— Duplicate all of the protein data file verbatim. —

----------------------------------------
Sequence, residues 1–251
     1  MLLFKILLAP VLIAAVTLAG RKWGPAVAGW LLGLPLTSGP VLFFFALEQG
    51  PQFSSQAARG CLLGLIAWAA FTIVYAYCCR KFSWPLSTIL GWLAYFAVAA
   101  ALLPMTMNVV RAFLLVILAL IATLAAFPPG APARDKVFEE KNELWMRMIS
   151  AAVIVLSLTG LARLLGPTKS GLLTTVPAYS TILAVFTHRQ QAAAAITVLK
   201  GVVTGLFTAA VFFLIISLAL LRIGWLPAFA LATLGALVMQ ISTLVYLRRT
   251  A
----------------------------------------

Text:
Sequence, residues 1–251
     1  MLLFKILLAP VLIAAVTLAG RKWGPAVAGW LLGLPLTSGP VLFFFALEQG
    51  PQFSSQAARG CLLGLIAWAA FTIVYAYCCR KFSWPLSTIL GWLAYFAVAA
   101  ALLPMTMNVV RAFLLVILAL IATLAAFPPG APARDKVFEE KNELWMRMIS
   151  AAVIVLSLTG LARLLGPTKS GLLTTVPAYS TILAVFTHRQ QAAAAITVLK
   201  GVVTGLFTAA VFFLIISLAL LRIGWLPAFA LATLGALVMQ ISTLVYLRRT
   251  A